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PNS Daily Newscast - November 17, 2017 


The Keystone oil pipeline spills big time in South Dakota; a look at the GOP tax plan and it’s impact on the most vulnerable Americans; and renewed hope for Maine’s Katahdin Woods and Waters national monument.

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For Some in New England, Labor Day Meant One-Day Strike

New England fast-food workers elected to walk off the job in many cities, including Boston and Hartford, for Labor Day in their fight for a $15 hourly wage. (SEIU)
New England fast-food workers elected to walk off the job in many cities, including Boston and Hartford, for Labor Day in their fight for a $15 hourly wage. (SEIU)
September 5, 2017

BANGOR, Maine – While many of us had a day off on Labor Day, fast-food workers in 300 cities, including some in New England states, walked off their jobs in a call for better wages and the right to join a union. The walkouts began as early as 6 A.M.

Among the workers calling for a better deal was Barbara Fisher of Boston. She's worked in the fast-food business for the past five years and says she currently makes $11 an hour, which isn't enough to support her family.

"I need $15 an hour and union rights," she says. "I'm a mom of two kids and I'm struggling; I need to be protected because I'm a mom and, you know, my kids get sick. Union rights, you know, it will do a lot."

Massachusetts workers also rallied in support of a paid medical leave bill now pending in the legislature. Should state lawmakers not take action, labor unions are supporting ballot initiatives to raise the minimum wage to $15 an hour and provide for paid medical leave.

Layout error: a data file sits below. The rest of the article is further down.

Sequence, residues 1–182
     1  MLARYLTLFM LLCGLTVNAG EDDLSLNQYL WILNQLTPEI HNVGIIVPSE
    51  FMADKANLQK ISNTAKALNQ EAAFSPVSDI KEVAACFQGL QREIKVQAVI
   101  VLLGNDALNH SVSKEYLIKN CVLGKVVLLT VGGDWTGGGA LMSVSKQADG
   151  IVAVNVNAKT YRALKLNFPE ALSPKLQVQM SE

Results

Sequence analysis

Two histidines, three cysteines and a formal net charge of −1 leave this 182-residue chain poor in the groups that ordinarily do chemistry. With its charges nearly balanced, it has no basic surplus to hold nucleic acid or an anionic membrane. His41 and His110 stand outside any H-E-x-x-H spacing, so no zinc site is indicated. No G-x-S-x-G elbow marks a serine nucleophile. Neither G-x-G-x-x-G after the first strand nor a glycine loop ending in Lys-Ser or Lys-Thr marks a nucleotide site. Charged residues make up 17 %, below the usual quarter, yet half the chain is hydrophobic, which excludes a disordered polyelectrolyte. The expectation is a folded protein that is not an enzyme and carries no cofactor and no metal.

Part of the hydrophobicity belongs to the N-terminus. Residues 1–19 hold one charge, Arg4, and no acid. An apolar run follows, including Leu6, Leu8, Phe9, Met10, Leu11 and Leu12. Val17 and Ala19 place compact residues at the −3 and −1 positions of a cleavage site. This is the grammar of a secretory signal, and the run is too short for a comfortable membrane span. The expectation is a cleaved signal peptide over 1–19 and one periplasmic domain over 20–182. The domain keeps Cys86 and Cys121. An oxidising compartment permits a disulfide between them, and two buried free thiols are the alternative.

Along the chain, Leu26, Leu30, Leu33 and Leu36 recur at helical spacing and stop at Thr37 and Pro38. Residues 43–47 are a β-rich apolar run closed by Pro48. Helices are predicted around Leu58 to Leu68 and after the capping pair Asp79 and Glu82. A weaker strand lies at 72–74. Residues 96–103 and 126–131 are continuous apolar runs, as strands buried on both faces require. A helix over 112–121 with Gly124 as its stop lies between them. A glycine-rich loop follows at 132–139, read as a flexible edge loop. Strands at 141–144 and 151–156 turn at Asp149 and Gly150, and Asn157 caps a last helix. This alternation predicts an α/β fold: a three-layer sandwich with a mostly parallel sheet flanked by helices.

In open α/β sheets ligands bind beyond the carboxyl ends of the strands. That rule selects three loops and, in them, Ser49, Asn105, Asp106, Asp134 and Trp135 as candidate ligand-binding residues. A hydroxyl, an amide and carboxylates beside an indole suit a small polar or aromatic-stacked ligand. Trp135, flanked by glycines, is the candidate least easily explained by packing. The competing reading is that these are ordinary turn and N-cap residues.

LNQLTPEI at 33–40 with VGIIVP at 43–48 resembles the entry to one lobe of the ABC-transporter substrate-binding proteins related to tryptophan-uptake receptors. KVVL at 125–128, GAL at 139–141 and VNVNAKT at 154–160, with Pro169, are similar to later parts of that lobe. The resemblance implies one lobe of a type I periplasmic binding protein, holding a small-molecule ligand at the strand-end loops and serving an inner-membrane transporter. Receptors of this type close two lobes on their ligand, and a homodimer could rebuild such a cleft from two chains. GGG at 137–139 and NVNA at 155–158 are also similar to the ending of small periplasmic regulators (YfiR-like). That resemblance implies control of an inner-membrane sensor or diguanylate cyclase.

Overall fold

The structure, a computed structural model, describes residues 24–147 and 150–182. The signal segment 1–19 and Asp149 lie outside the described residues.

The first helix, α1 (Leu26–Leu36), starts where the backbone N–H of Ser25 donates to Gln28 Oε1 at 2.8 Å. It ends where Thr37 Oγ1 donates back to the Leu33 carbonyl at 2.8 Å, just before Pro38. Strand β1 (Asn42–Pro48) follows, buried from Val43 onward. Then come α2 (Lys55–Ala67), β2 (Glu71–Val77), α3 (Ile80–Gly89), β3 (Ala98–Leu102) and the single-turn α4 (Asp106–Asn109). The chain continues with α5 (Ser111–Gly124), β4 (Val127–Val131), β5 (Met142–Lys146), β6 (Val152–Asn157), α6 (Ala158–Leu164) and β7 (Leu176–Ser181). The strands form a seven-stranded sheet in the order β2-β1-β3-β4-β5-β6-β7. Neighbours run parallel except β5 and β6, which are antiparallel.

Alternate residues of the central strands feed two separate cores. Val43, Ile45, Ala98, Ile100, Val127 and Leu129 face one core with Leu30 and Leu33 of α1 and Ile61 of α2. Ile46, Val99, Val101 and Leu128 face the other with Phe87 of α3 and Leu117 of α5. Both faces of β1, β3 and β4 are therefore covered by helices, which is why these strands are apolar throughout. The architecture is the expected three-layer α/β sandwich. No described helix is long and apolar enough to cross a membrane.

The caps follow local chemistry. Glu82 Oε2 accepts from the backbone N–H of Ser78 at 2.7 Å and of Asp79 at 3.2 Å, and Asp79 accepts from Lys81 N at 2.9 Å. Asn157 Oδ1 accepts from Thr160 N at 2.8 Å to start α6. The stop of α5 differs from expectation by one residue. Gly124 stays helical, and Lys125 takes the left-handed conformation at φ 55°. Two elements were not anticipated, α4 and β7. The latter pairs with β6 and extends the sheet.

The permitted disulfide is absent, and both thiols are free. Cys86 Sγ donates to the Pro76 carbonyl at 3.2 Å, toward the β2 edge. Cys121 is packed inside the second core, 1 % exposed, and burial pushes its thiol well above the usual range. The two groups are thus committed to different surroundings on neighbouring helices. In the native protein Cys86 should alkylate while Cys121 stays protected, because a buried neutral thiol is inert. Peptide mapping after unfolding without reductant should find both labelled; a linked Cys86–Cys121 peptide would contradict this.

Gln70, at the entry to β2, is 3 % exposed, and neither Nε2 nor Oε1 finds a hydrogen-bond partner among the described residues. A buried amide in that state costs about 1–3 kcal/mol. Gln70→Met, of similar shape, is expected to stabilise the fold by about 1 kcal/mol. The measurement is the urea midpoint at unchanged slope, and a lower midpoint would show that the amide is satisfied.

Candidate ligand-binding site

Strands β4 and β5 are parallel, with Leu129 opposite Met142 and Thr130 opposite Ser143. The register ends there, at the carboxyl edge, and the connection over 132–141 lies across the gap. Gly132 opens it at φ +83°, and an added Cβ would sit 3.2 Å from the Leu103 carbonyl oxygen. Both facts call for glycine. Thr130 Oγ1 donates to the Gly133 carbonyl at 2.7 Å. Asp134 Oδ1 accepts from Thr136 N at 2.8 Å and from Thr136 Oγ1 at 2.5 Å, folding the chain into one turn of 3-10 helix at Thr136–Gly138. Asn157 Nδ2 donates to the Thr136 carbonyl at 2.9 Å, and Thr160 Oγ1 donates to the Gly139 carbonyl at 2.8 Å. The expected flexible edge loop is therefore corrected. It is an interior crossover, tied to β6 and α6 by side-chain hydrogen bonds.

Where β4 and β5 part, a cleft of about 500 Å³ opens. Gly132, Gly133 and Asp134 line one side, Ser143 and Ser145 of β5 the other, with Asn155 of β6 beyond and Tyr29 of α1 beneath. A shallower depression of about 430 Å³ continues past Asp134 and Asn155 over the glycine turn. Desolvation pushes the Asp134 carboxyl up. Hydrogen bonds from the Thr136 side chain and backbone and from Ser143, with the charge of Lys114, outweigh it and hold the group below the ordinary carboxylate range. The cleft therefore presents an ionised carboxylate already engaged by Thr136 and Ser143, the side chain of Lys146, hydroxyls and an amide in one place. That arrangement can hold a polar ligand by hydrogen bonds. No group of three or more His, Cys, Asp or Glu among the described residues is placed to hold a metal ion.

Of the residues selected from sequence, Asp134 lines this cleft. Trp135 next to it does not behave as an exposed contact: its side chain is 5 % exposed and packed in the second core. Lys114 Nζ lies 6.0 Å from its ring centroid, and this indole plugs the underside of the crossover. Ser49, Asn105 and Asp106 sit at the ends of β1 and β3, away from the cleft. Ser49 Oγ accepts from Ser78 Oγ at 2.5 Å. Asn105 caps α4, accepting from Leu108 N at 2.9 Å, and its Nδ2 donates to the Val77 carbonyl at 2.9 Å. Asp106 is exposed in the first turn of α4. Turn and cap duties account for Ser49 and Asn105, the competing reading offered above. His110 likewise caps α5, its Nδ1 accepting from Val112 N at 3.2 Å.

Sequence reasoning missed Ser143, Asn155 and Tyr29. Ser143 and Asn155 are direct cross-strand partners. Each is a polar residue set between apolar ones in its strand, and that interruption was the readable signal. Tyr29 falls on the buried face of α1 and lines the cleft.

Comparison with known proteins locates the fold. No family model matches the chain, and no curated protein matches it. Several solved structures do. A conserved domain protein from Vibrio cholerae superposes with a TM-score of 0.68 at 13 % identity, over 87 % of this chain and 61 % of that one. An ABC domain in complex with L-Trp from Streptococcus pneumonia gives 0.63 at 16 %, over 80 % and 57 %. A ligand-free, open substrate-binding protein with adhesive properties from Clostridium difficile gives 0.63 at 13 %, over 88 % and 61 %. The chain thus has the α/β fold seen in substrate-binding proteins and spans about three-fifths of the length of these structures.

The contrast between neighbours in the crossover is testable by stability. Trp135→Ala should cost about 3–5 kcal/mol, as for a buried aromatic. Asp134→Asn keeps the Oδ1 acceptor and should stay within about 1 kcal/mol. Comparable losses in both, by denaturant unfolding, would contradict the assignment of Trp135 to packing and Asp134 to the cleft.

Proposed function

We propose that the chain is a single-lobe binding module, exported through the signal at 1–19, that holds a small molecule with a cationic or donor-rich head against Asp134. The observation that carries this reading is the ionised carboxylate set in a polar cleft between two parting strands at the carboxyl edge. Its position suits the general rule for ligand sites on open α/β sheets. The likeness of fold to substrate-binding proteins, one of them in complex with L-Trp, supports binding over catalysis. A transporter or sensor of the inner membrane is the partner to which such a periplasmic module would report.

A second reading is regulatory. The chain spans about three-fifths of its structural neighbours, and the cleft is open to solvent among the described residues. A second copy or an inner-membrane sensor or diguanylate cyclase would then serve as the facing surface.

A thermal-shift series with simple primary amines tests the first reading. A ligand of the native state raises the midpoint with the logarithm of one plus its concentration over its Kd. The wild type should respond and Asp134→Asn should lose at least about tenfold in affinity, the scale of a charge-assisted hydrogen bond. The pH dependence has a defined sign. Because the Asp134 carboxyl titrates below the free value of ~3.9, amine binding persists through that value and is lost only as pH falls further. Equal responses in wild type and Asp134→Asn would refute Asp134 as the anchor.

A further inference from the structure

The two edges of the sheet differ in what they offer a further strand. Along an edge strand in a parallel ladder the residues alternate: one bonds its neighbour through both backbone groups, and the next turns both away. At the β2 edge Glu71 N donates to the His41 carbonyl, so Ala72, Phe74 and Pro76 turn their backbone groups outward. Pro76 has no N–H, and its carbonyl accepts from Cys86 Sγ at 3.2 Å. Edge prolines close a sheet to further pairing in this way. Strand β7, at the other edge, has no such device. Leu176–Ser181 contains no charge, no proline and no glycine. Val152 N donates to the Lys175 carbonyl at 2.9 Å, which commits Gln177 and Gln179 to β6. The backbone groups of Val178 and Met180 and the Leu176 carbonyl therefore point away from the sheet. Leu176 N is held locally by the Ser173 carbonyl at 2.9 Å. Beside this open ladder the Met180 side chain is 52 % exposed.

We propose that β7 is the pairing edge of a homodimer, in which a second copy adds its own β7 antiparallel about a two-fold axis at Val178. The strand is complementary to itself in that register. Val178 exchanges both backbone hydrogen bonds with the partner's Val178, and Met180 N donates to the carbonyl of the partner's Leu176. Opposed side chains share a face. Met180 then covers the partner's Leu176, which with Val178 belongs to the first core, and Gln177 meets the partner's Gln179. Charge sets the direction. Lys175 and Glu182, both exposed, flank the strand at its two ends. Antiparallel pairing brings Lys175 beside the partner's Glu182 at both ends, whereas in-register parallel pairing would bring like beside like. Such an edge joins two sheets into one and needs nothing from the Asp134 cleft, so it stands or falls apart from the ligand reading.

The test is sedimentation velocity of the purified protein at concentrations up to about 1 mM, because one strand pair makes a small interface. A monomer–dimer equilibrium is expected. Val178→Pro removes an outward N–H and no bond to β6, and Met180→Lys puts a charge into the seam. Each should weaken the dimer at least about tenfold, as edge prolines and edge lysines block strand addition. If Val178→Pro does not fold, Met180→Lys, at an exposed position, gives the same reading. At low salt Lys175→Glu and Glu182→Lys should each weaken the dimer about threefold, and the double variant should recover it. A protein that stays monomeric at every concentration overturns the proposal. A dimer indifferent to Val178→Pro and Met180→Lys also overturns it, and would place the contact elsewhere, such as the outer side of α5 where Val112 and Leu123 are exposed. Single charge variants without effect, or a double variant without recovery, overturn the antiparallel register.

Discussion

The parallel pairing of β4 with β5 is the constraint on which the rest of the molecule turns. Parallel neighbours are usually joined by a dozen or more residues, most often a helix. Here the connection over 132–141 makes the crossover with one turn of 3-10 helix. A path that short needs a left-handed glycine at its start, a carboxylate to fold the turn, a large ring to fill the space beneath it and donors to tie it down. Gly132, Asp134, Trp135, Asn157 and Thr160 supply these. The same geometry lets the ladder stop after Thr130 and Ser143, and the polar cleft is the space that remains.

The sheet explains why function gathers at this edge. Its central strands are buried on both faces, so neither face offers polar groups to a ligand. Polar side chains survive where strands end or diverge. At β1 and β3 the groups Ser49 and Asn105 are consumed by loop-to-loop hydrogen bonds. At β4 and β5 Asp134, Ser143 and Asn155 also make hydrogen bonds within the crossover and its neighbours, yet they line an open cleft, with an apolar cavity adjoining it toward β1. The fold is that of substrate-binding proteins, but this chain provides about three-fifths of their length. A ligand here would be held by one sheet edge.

Roxana Rivera is vice-president of the service employees' union 32BJ SEIU. She says the show of force in so many cities on Labor Day was intended to make a point. She contends a fix is needed for the economic and political systems in the U.S. that the union believes are rigged to benefit big corporations over working people.

"The issue of low wages, the issue of inability - to not be able to care for your loved ones without the risk of losing your job," says Rivera. "In Massachusetts, as well as in other cities, there are workers that are on the lower rung of the service economy that really need to have the right to form a union, without retaliation from employers."

Rivera says the Service Employees International Union is joining forces on a massive voter engagement drive ahead of the 2018 elections. She says it's aimed at unseating "anti-worker" politicians and electing leaders who support a $15 hourly minimum wage and collective-bargaining rights.

Mike Clifford, Public News Service - ME